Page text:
No popular authors found.
Ads by Google:

Categories

No categories found.


Get Celiac.com's E-Newsletter





Ads by Google:


Follow / Share


  FOLLOW US:
Twitter Facebook Google Plus Pinterest RSS Podcast Email  Get Email Alerts
SHARE:

Popular Articles

No popular articles found.
Celiac.com Sponsors:

Amaranth and Quinoa: Pseudo-cereal Super Foods

Journal of Gluten Sensitivity Winter Issue - Originally published January 14, 2015


Image: CC--naturalflow

Celiac.com 06/28/2016 - My latest obsession is creating new quinoa recipes, since my eight year old daughter absolutely loves it! Her favorite is warm quinoa with crumbled turkey sausage, broccoli, and lots of cumin. She also loves it with oil and balsamic vinegar. I like it cold with chopped veggies, garlic, and fresh squeezed lemon juice. Just a few weeks ago I tried amaranth for the first time. It seems to be the new craze these days. It cooked up very similarly to quinoa, and had a similar taste and texture. I would say the only noticeable difference is that amaranth does not get as fluffy when cooked. It seems like it would be great in soup! Now for a little history.

Amaranth is estimated to have been domesticated between 6,000 and 8,000 years ago, and was a staple food crop of the Aztec's. The common name, amaranth, represents over sixty different plant species called amaranthus.(1) The amaranth plant is a full, broad leafed plant that has vibrant colors. Amaranth's name comes from the Greek name, amarantos, meaning "one that does not fade." This is due to the plant retaining its vibrant colors even after harvesting and drying. The amaranth plant can contain up to 60,000 seeds.

Amaranth is gluten-free and it contains about thirty percent more protein than rice, sorghum, and rye.(2) Amaranth flour can be made from the seeds and is a excellent replacement for those suffering from celiac disease or gluten sensitivity.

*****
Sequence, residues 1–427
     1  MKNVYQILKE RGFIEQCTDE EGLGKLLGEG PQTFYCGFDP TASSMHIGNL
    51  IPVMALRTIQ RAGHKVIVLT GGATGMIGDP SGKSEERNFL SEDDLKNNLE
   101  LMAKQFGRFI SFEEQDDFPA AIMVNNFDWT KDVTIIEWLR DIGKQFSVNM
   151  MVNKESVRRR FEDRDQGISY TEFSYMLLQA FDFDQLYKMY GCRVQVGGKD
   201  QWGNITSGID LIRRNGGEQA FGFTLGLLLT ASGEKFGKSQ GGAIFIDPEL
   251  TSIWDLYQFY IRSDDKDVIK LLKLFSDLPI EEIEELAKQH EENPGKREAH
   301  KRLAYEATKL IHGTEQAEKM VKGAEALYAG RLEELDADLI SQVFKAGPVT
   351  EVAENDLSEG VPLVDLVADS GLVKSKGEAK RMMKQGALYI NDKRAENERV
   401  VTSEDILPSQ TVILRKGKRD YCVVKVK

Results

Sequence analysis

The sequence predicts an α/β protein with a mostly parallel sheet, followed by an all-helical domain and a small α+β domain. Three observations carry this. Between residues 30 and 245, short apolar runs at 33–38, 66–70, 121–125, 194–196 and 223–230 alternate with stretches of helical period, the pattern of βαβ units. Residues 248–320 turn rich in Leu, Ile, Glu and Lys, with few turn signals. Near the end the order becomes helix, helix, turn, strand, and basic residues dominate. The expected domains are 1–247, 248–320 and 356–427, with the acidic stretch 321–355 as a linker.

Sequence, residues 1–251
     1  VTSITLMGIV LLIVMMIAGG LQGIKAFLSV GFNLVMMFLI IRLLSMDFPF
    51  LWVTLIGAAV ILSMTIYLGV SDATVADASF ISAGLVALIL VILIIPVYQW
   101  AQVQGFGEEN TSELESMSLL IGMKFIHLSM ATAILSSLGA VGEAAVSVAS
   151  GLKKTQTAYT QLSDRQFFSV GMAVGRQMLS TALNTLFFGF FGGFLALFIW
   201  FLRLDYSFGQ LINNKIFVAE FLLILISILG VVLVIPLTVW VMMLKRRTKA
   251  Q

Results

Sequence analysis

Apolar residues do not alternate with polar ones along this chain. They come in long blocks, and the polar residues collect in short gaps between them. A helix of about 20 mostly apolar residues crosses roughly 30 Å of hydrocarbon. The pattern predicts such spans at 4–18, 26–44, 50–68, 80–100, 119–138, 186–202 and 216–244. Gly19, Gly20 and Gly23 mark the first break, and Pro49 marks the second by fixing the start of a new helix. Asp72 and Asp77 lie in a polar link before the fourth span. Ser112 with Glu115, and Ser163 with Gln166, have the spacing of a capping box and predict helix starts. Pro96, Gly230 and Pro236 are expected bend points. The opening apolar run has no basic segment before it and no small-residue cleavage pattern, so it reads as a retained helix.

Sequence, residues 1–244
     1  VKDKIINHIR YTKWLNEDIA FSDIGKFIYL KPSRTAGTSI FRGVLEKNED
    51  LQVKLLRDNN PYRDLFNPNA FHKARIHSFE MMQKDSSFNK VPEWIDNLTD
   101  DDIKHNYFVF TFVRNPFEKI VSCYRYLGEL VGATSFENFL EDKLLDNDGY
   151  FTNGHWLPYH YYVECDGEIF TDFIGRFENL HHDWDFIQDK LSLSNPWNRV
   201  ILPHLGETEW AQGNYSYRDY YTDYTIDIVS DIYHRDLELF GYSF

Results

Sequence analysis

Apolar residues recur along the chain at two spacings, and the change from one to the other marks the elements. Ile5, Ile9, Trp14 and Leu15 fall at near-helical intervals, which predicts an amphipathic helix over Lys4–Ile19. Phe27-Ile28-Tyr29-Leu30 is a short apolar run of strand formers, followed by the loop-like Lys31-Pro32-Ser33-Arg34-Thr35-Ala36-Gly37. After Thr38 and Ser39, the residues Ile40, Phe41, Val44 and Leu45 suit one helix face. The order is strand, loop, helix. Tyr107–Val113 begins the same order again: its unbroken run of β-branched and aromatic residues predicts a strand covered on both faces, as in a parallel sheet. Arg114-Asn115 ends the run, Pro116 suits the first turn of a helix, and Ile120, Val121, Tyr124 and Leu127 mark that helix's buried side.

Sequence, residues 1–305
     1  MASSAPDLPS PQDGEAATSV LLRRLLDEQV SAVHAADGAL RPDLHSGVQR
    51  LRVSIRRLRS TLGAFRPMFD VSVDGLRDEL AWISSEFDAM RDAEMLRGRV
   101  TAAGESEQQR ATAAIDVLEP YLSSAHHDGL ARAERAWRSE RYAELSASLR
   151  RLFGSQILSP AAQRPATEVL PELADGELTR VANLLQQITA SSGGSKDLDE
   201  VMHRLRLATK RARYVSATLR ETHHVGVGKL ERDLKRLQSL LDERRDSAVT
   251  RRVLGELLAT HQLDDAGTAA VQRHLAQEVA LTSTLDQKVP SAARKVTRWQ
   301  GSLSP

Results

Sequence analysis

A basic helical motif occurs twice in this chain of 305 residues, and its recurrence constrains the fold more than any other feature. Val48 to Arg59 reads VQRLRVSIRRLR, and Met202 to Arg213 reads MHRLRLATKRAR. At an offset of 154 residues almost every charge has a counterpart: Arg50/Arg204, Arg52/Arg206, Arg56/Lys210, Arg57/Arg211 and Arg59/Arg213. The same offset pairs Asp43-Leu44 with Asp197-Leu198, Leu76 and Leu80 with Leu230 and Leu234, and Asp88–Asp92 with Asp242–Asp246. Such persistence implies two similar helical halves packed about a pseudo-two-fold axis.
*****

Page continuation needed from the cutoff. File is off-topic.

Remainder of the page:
Amaranth flour has a unique chemical composition with a predominance of albumins and globulins and a very small prolamins content with total absence of alpha-gliadin. This makes it very comparable to wheat protein(2). It also has a relatively high content of calcium, iron, potassium, magnesium, and fiber and an almost perfect amino acid profile. It's particularly high in lysine, which is abundantly lacking in wheat and corn.(3)

Ads by Google:

Another benefit of amaranth is that it is a natural source of folic acid, and in some countries, amaranth is used alleviate birth defects. Amaranth is not a true grain, as it does not come from the Poaceae family, but is considered a pseudo-cereal like it's relative quinoa. Both amaranth and quinoa belong to a large family that also includes beets, chard and spinach.(3)

Quinoa is a broad-leafed plant that produces a small seed. It's a member of the Goosefoot family that is native to South America.(4) Quinoa is considered a complete protein that contains all nine of the essential amino acids necessary to human physiology, and it is the only plant-based source for these nutrients.(5) Quinoa cooks up like a grain, but it is actually a seed, and is an excellent source of protein for vegans and people following a gluten-free diet. According to the American Journal of Gastroenterology, it is also safe for celiac patients.(6)